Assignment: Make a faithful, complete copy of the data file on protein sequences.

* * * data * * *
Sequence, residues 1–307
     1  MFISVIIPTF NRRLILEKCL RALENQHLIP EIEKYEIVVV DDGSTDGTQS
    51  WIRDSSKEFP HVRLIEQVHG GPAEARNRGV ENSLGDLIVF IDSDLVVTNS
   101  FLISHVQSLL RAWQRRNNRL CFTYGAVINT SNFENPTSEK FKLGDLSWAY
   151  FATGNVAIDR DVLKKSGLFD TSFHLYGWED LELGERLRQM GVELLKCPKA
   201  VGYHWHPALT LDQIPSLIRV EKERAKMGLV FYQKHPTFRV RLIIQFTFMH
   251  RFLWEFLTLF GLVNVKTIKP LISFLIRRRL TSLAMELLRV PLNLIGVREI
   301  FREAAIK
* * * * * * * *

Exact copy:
Sequence, residues 1–307
     1  MFISVIIPTF NRRLILEKCL RALENQHLIP EIEKYEIVVV DDGSTDGTQS
    51  WIRDSSKEFP HVRLIEQVHG GPAEARNRGV ENSLGDLIVF IDSDLVVTNS
   101  FLISHVQSLL RAWQRRNNRL CFTYGAVINT SNFENPTSEK FKLGDLSWAY
   151  FATGNVAIDR DVLKKSGLFD TSFHLYGWED LELGERLRQM GVELLKCPKA
   201  VGYHWHPALT LDQIPSLIRV EKERAKMGLV FYQKHPTFRV RLIIQFTFMH
   251  RFLWEFLTLF GLVNVKTIKP LISFLIRRRL TSLAMELLRV PLNLIGVREI
   301  FREAAIK